In this article series, we will learn about a famous Linux family of malware known as MOOSE, which is used to steal unencrypted traffic over the wire and infect other devices automatically. This malware steals HTTP cookies and performs non-legitimate “likes,” “views” etc. on social networking sites. In the complete article series, we will learn about what this malware is, how it operates, some analysis, possible Indicators of Compromise (IOCs), and cleaning and prevention Strategies.
Please note that this is just a kind of introduction to MOOSE malware. More technical details about these articles will be covered in the Part 2 of this article.
What is MOOSE malware?
Moose malware is a standards statically linked ELF binary which relies on multithreading for its operations and targets consumer routers and modems. This malware can eavesdrop on traffic flowing both inbound/outbound, which are located behind the infected router, laptops and even mobile phones. The main agenda of Moose is to spread quickly other than exploiting any other vulnerability. It mainly looks out for routers with weak/default credentials to replicate itself.
Following are the MOOSE features, which mainly pertain to MOOSE’s functionality
- MOOSE affects Linux-based embedded devices running on the MIPS and ARM architecture.
- MOOSE has a proxy component also mainly HTTP and SOCKS.
- It also targets the consumer routers provided by the ISPs. In addition, it can eaves drop on communications of devices behind the infected router.
- It’s mainly target is social networks and goal is to perform fraud at these social networking sites
- It spreads with routers and modems that have very weak credentials.
- It communicates with a C&C server and sends the traffic captured from eavesdropping.
- To avoid NAT protections it can tunnel traffic from a relay C&C server to other hosts.
MOOSE malware contains two types of C&C servers:
- Reporting C&C server: This C&C server will be used for reporting and Infection.
- Relay C&C server: This C&C server is used for relay.
MOOSE targets Social Networks?
As we can see from the above capabilities, this type of malware can be used to perform any sort of attack like DDoS, DNS hijacking using MITM attacks etc., but this malware is specifically designed for performing frauds in social networks. This malware is made to steal the HTTP cookies from famous social networking sites:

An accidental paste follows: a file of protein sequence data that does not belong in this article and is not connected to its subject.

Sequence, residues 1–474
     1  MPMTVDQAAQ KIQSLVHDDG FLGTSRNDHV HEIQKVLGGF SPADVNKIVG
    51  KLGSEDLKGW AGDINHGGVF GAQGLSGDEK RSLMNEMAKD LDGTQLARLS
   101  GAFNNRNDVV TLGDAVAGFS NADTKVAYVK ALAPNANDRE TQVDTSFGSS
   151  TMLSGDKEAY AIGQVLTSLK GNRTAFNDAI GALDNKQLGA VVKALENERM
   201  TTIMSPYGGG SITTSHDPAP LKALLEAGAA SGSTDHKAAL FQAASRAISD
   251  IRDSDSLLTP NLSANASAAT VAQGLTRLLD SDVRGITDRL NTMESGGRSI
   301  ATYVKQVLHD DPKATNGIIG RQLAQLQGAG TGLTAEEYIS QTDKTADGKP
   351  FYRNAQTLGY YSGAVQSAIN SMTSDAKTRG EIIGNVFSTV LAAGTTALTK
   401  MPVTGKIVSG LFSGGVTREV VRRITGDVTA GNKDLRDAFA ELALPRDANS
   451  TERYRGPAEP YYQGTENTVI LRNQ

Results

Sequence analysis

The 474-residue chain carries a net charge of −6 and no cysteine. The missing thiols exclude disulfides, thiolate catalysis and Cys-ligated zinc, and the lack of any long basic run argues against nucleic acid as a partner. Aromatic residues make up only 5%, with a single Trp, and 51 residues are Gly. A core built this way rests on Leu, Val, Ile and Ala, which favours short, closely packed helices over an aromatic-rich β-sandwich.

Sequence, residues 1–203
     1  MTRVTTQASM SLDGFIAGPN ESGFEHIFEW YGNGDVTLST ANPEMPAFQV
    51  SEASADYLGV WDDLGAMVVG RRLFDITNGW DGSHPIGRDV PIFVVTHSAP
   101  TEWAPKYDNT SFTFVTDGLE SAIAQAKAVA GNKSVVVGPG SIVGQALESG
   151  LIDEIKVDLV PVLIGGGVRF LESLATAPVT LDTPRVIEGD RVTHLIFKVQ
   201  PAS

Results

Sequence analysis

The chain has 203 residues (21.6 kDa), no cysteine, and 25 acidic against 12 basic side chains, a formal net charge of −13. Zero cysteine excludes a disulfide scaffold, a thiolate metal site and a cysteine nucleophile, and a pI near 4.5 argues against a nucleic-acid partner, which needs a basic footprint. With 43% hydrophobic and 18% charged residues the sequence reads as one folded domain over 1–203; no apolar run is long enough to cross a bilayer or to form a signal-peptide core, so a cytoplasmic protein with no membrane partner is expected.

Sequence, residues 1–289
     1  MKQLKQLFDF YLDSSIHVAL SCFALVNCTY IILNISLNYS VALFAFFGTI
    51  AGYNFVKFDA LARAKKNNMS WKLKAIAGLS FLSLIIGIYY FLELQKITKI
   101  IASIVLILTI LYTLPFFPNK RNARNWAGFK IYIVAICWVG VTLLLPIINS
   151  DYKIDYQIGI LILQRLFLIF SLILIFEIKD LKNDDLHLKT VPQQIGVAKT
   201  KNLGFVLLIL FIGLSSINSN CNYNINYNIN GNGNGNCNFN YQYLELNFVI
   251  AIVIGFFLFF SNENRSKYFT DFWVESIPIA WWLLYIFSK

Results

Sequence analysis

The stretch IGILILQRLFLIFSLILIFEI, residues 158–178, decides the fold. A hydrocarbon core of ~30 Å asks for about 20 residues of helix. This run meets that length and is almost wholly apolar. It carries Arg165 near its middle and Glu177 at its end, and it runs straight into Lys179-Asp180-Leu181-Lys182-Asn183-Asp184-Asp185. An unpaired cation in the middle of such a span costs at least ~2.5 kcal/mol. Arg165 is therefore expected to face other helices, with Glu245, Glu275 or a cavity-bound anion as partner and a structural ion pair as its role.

- Twitter: twll, twid
- Google: SAPISID,APISID
- Facebook: c_user
- Youtube: LOGIN_INFO
But the question is still unanswered. Why Social Networks?
- Main success rate of this MOOSE malware is to steal the HTTP cookies. There were times when these social networking sites operate over HTTP, so this attack was much stealthier. Nowadays all these popular social networking sites like Google, Facebook, and Instagram operate over HTTPS, so this attack now in this respect won’t work.
- To commit fraud on these social networking sites, it needs a reputable IP address and for a social network site operator; there is probably nothing more reputable than IP addresses being issued by ISPs
For this article, I am jumping directly to IoC of this particular malware. I will definitely cover the analysis part of this malware in the next part of this series.
Indicators of Compromise (IoCs)
Following are the IoC’s for MOOSE. It will be categorized in two ways:
Host-based Indicators. Following are the Host Based Indicators:
- Presence of a binary elan2 on the system and a process named elan2 running.
- A process listening on 0.0.0.0:10073
- Network based indicators: Network based IoC are provided in a text file along with this article.
YARA rule: Using yara file named linux-moose.yar at github . moose files can be identified like below
- yara –r linux-moose.yar dir/
What else can MOOSE do?
As we talked about earlier, MOOSE can be used to conduct specific types of other attacks as well:
- DDoS: This capability is not built in the MOOSE but can be conducted using SOCKS proxy
- Network Recon: MOOSE can be used to explore the network as it has the capability to do NAT traversal. In addition, it has an integrated sniffer, which is configured by the C&C server.
This covers an introduction of MOOSE. We will get into more technical details in the second part of this series.